- Tonko is the top Democrat on the environment subcommittee of the powerful Energy and Commerce Committee, which has primary jurisdiction over the topic.
- The other two bills include a carbon tax bill introduced earlier by GOP Rep. Carlos Curbelo of Florida, and another carbon pricing bill that Rep. Ted Deutch, a Democrat also from Florida, is working on with other Republicans, Deutch told Axios last week.
One level deeper: Second-quarter lobbying filings by Shell and BP reflect their engagement on these bills, particularly the Curbelo and Tonko measures.
- Tonko’s office confirmed he’s working on the bill and is soliciting input from stakeholders including companies, but a spokesman didn’t provide details. His bill creates a cap-and-trade system where companies buy and sell credits of carbon while staying below an overall emissions limit.
- Curbelo met with oil companies and other stakeholders before he introduced his bill last week, which would likely prompt increased disclosure on the matter in federally required filings. A BP spokesman confirmed that company's participation.
What's next: The midterm elections could have a big impact on whether the issue gets closer to the front burner in the next Congress if Democrats win control of the House.
4. On my screen: nuclear R&D and oil politics
Pieces from academia and a think tank caught my eye...
Nuclear: A pair of Harvard experts are making the case for overhauling U.S. nuclear energy R&D to preserve its viability as a zero-carbon option in the decades ahead while recognizing that new commercial development isn't in the cards for a long time.
- The solution, their new commentary in Nature Energy argues, is a "nuclear tortoise" approach that has the best chance of enabling nuclear to eventually help achieve deep decarbonization of power.
- Michael Ford and Daniel Schrag envision an "advanced nuclear programme designed to be slow and steady, but to provide multiple technology options with high confidence so that commercial deployment is viable by mid-century."
Oil: An informative new Brookings Institution paper looks at the state of oil-and-gas investment in South America and what's next for countries including Guyana, where Exxon has made huge offshore discoveries.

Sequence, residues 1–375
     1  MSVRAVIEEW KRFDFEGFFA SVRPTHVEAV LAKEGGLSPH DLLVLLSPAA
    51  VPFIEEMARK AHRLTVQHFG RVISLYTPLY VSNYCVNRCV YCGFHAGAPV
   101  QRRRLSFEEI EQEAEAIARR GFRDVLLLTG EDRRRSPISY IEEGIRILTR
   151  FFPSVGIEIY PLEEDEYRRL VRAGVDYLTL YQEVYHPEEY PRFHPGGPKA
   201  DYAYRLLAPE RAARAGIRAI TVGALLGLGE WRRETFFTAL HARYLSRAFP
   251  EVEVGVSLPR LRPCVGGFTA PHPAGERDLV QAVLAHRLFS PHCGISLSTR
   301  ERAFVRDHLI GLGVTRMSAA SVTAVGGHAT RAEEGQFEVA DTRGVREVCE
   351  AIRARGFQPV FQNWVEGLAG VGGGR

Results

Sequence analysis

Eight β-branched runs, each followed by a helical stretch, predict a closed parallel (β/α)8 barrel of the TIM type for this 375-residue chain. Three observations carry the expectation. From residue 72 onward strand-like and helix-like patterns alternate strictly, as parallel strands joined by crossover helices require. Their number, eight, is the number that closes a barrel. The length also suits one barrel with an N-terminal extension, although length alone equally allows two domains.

Author Samantha Gross writes...
5. The NYT's huge and controversial climate story
Axios' Henrietta Reily reports ... The New York Times dedicated their entire magazine this week to the subject of climate change, with one piece looking at the decade when the scientific consensus on the subject solidified and humans failed to act.
Why it matters: It is rare to see media outlets dedicate substantial coverage to the Earth's rising temperature and the subsequent impacts, let alone a nearly book-length piece. But the magazine isn't being lauded unanimously.
What you need to know: At 30,000 words, this piece is long, and takes its time detailing narratives of those who've participated in the climate fight for decades. Journalist Nathaniel Rich focuses on the largely-ignored decade from 1979–1989, before the public became more aware of the science, and the energy industry mounted an organized disinformation campaign to emphasize scientific uncertainty.
The intrigue: The piece tells a relatively narrow story about a huge issue by focusing only on one decade. That's drawn criticism from some experts who say that faulting "human nature" excuses the multi-million dollar campaigns by fossil fuel companies and lobbyists that have focused on challenging climate science.
- It also fails to acknowledge that public awareness of the issue, let alone support for action, was lacking during the period the story discusses.
- In addition, the piece ignores some of the most important attempts to address the problem, from the Rio Earth Summit in 1992 to the Paris Climate Summit in 2015.
- The article, however, argues that: "There can be no understanding of our current and future predicament without understanding why we failed to solve this problem when we had the chance."
Read more of Henrietta's piece on the Axios stream.
6. Quote of the day
The context: That's the EPA boss and former Senate aide talking about the decade-old Renewable Fuel Standard — the mandate for increasing use of ethanol and other biofuels — before the Senate Environment and Public Works Committee yesterday.
Wheeler fielded questions from multiple farm-state lawmakers concerned about EPA giving small oil refiners waivers from the ethanol mandate.
Why it matters: The wry observation is a nod to the seemingly endless and intractable battles over implementation of the biofuels policy — a topic that consumed large chunks of the hearing.